The nicest way to time your meditation is to use a specially designed timer. The Meditation Combi Timer acts like your personal mediation master. It not only makes a gong sound at the beginning and end of the session, but will sound off at a pre-set time to help you check your focus. On this device, the gong sound is a Tibetan singing bowl, so it is clear, pure and not shocking. Every time you hear the gong, you can make sure that you are still meditating and not day-dreaming or sleeping. It's an awesome tool that has been designed to replace that meditation masters of the monasteries.

Shawl - While not strictly part of your meditation space, you should have a shawl for your meditation practices, even for men. Most homes can get chilly at times. A shawl over your shoulders can help to keep your body warm and comfortable, so it doesn't distract you from the work at hand.

It can also be a powerful signal to your mind that you are about to enter a meditative state. Similar to a priest putting on a collar, a shawl tells you and the world, “I am about to meditate because I am wearing my meditation uniform.” The best part about a shawl, versus a full robe, is that it is unlikely to get too hot, even on the hottest day.

Wall Art - If you can, putting up wall art can also help with a meditation space. Religious pictures are an obvious choice. Tibetan thangkas or portraits of Christ are amazing inspirations. Photos of Gandhi or Mother Teresa or a Hindu guru of your choosing are all perfectly valid. Even some of the most popular Impressionist paintings, of ponds and flowers, can be calming and transformative.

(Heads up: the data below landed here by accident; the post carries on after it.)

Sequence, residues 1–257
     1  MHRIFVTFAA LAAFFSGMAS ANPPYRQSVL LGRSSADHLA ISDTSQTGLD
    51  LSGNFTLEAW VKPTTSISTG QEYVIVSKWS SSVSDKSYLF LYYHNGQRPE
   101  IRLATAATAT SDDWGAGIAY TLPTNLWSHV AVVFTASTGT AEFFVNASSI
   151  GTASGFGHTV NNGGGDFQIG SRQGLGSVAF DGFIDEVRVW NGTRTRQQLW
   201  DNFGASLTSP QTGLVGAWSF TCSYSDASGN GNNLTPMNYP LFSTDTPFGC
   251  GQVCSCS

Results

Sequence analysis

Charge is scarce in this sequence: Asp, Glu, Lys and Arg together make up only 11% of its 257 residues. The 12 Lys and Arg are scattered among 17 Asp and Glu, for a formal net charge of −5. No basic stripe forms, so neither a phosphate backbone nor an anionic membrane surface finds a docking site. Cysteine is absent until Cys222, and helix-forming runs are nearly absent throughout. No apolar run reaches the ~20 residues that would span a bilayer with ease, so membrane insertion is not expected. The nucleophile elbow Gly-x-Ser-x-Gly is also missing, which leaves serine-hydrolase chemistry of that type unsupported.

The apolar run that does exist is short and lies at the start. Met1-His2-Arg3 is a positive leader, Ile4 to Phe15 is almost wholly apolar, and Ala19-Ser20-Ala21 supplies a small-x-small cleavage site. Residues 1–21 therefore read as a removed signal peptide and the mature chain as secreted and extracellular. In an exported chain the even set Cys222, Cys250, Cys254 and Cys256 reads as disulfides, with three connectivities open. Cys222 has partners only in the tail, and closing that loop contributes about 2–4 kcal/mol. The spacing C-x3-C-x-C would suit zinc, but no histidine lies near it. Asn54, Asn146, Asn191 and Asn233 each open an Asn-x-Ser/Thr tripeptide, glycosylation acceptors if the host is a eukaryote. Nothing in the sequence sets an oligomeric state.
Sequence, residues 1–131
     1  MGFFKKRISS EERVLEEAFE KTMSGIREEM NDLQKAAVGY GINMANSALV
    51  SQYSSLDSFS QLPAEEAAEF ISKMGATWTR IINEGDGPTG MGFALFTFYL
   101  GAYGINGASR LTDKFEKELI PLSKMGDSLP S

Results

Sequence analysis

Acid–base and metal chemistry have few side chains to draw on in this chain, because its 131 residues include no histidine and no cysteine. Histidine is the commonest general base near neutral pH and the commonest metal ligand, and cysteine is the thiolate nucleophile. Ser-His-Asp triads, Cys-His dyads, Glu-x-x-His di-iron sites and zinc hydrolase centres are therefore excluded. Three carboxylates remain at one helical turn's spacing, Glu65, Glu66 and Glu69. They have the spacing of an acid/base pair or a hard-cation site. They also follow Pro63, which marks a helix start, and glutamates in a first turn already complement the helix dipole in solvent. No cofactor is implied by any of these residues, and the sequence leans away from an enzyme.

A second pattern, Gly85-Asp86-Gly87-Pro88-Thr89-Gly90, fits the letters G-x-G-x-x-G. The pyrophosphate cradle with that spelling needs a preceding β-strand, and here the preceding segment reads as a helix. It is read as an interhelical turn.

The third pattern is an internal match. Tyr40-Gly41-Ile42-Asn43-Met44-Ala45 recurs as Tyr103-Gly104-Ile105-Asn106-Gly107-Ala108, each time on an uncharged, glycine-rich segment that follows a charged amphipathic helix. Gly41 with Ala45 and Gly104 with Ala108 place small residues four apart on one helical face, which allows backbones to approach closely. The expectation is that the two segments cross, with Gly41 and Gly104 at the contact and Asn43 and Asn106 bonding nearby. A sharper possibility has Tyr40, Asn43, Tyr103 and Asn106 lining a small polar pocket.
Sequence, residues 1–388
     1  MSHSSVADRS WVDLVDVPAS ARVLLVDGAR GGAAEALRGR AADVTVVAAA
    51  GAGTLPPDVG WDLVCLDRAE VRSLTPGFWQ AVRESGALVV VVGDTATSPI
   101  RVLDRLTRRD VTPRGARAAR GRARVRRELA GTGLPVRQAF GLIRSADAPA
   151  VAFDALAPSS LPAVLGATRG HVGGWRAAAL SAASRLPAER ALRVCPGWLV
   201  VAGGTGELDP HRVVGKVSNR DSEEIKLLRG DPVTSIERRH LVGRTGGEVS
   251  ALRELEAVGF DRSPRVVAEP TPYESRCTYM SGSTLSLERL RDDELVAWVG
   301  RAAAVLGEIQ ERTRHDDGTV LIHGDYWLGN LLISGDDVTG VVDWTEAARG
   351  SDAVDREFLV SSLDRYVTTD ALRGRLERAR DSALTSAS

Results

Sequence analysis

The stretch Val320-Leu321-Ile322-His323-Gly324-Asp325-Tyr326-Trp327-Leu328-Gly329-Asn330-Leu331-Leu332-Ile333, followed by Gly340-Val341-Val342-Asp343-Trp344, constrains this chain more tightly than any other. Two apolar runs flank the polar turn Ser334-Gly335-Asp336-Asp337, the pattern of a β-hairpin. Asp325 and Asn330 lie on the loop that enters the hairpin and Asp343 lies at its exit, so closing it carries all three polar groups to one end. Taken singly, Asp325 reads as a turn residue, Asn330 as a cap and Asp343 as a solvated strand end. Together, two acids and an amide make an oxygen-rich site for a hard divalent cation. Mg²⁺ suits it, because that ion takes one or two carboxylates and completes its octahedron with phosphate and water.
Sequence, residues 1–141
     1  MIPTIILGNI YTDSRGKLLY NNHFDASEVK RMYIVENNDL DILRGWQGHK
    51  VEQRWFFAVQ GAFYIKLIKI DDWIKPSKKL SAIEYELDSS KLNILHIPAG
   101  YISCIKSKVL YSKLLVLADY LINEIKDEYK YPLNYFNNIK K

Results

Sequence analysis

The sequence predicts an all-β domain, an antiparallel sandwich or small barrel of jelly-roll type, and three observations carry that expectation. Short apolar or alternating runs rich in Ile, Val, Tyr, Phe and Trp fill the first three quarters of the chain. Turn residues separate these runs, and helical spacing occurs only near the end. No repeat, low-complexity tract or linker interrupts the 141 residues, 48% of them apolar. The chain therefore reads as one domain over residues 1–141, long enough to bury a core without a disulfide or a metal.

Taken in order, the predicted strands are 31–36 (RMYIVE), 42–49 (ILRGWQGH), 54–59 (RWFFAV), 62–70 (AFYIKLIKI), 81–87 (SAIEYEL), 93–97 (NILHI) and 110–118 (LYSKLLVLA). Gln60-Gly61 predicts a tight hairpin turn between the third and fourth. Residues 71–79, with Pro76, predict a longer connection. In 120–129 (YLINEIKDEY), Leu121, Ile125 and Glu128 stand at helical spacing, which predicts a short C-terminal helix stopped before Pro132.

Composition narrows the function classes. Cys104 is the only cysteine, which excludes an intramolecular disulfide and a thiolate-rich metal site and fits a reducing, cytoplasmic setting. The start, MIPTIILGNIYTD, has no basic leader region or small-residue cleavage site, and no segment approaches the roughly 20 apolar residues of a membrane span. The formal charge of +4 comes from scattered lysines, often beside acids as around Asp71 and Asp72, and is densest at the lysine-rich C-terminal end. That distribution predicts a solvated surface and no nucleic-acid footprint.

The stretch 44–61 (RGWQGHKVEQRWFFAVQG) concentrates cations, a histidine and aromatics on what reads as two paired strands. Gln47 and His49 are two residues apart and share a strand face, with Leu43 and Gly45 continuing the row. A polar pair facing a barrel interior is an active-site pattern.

What you put on the walls of your space is entirely up to you, but it should definitely be something that helps to calm you mind and bring you peace.

A Strange One - A Neti pot can be a very important part of your meditation space and rituals. Much of meditation involves breathing and a stuffy nose can be distracting and make meditation difficult. Using a Neti pot before beginning your daily practice can make it much easier to focus on your breath or, at least, breathe while you contemplate.

Getting a good quality Neti pot may not seem like a meditative necessity, but it can go a long way to helping you stay clear – in more ways than one.

Your Mountain Cave

'Your mountain cave' can be no more than a seat under a Bodhi tree or it can be a giant Cathedral, but whatever you can make it, make it yours. Do everything you can to make it your own special space, with items that are dedicated to only your meditation.

Use your meditation space only for meditation. Even it's just the corner of a room, let it be the place that you go to to quiet the mind and connect with your great, inner self.

Namaste

29 Mar 2013

Last Update: 1 Sep 2013

Article/Information supplied by Blue Banyan Meditation Products

Disclaimer - Any general advice given in any article should not be relied upon and should not be taken as a substitute for visiting a qualified medical Doctor.